Learning about Times-Journal’s past

Published 8:30pm Wednesday, January 30, 2013

The Times-Journal building used to be a different place in the olden days. Today Twitter and Facebook, along with the truth, are our secret weapons. Back in the 1950’s, a journalist’s best friend was a trusty pencil and of course some typewriter correction tape for all of those pesky mistakes.

Anne Knight sat with me in the library last week and told me of the Times-Journal building she grew up in when her father, Roswell Falkenberry, was first in the advertising department and later editor and publisher. She said the noise in the building was so loud. Phone calls, typewriters and no one using G-chat to send questions to one another but rather their yelling across the room made a big clamor and was a place she remembers to be, “wonderful.”

I wish I could write a movie about Roswell Falkenberry. It would be perfect. Anne described her dad as folksy and someone who drank two cups of coffee every day at the Selma Del. She told me he had ink in his blood, he loved the newspaper business so much. For some reason that stuck with me.

People in Selma talk about their love for the city all of the time, but how could one person love a city so much that they are able to do what is best despite being threatened and hated by others?

I meet people that love Selma each day and those of us that are new, fall in love and find ourselves ensnared by the story that this once boom town is now walking and trying to run again. It looks a little different but the hearts and historic houses all look the same, or so people tell me.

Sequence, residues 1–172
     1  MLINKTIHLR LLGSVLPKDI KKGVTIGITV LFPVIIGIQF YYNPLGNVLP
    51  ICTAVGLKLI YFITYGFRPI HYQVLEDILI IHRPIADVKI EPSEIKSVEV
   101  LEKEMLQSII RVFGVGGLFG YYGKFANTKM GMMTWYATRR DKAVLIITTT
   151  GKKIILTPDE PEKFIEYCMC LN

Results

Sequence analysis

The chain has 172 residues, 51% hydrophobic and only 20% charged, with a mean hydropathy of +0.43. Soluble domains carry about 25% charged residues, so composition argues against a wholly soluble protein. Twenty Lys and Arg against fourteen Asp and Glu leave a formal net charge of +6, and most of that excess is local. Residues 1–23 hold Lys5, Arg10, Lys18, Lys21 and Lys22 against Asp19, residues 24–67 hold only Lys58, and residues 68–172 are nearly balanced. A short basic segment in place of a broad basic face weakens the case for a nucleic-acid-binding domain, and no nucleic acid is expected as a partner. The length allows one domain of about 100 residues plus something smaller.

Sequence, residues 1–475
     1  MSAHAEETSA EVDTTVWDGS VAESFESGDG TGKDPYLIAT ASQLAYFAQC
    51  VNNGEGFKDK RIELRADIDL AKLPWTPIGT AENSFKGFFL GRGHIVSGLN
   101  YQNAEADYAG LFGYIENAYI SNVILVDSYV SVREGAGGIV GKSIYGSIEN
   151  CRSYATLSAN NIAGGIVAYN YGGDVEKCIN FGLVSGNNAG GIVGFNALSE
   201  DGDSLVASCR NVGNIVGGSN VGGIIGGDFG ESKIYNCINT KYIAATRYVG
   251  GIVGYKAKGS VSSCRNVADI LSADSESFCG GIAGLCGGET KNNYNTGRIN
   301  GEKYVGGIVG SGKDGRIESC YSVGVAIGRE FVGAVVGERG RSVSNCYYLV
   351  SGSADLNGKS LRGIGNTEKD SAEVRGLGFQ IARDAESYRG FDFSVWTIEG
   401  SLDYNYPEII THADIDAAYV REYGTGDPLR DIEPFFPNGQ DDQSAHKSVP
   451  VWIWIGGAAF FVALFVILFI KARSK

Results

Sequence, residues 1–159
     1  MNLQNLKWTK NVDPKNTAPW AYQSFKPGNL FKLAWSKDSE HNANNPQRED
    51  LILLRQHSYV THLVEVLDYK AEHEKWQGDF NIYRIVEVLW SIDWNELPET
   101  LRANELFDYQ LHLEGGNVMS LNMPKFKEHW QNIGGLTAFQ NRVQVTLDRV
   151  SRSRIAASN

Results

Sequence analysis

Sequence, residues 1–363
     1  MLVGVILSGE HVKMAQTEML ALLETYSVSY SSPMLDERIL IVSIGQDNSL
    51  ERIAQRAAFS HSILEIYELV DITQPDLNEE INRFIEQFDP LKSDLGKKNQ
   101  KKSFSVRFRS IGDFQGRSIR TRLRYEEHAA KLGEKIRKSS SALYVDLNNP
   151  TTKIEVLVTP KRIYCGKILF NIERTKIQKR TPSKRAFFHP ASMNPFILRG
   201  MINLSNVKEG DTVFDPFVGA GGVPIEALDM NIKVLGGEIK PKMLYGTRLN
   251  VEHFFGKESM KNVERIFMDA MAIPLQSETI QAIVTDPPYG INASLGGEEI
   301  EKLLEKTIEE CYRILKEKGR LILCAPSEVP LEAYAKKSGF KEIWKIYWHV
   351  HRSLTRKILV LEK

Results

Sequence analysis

Falkenberry loved Selma when it didn’t need to be loved, when no one wanted to love it even. He passed away in his own home gazing out the window on Lapsley Street to the spot in the road where he used to meet his best friend to walk to school.

People, who say they love Selma but speak words that divide the city, clearly do not love Selma like he did.

Maybe those people who create division and stir up anger are just looking for something that Selma means to them and not looking for what is best for all. His actions and coverage may have been controversial, but in the end he guided Selma to the truth. He told the news just like it was, nothing different — he and his reporters told stories right down the middle.

I cannot fathom Mr. Falkenberry reporting on people involved in the civil rights movement who went to his favorite restaurant, graduated from his high school class and sang in his choir at church. He still had to face pressures from both sides, pressures from people that were his friends.

He still loved Selma though and even in his last days in Birmingham would always talk about how he just wanted to go home.

  • popdukes12

    Anne was absolutely on point about the STJ in the mid ’50′s. The sounds of typewriters, Ticker-tape machines, and Line-o-type machines were very loud back then (especially in the “long hall”, and composing room). In the composing room, people would be two feet away from each other and almost shouting. Add to this the sound of old type set being poured down a long metal chute to the basement for remelt, The smell of that process, printers ink, and the odor of paper fibers floating around, gave the building a life of it’s own. Ed Fields (the editor) was the chairman of the white citizens council back then, and I only remember blacks being employed in the press room (in the basement), I never saw women in the press room, as it was very dirty, and the men’s shower was just hung on the back wall (I don’t remember any type of enclosure for it). Some of the employees back then were Roland Ellison, Bill McGee, Lum Bates (press room), Gordon Lilly, Mr. Maddox, Ms. Windom, Mr. Calhoun, And Jamie Wallace (in the early ’60′s). It was a very close knit crew back then.

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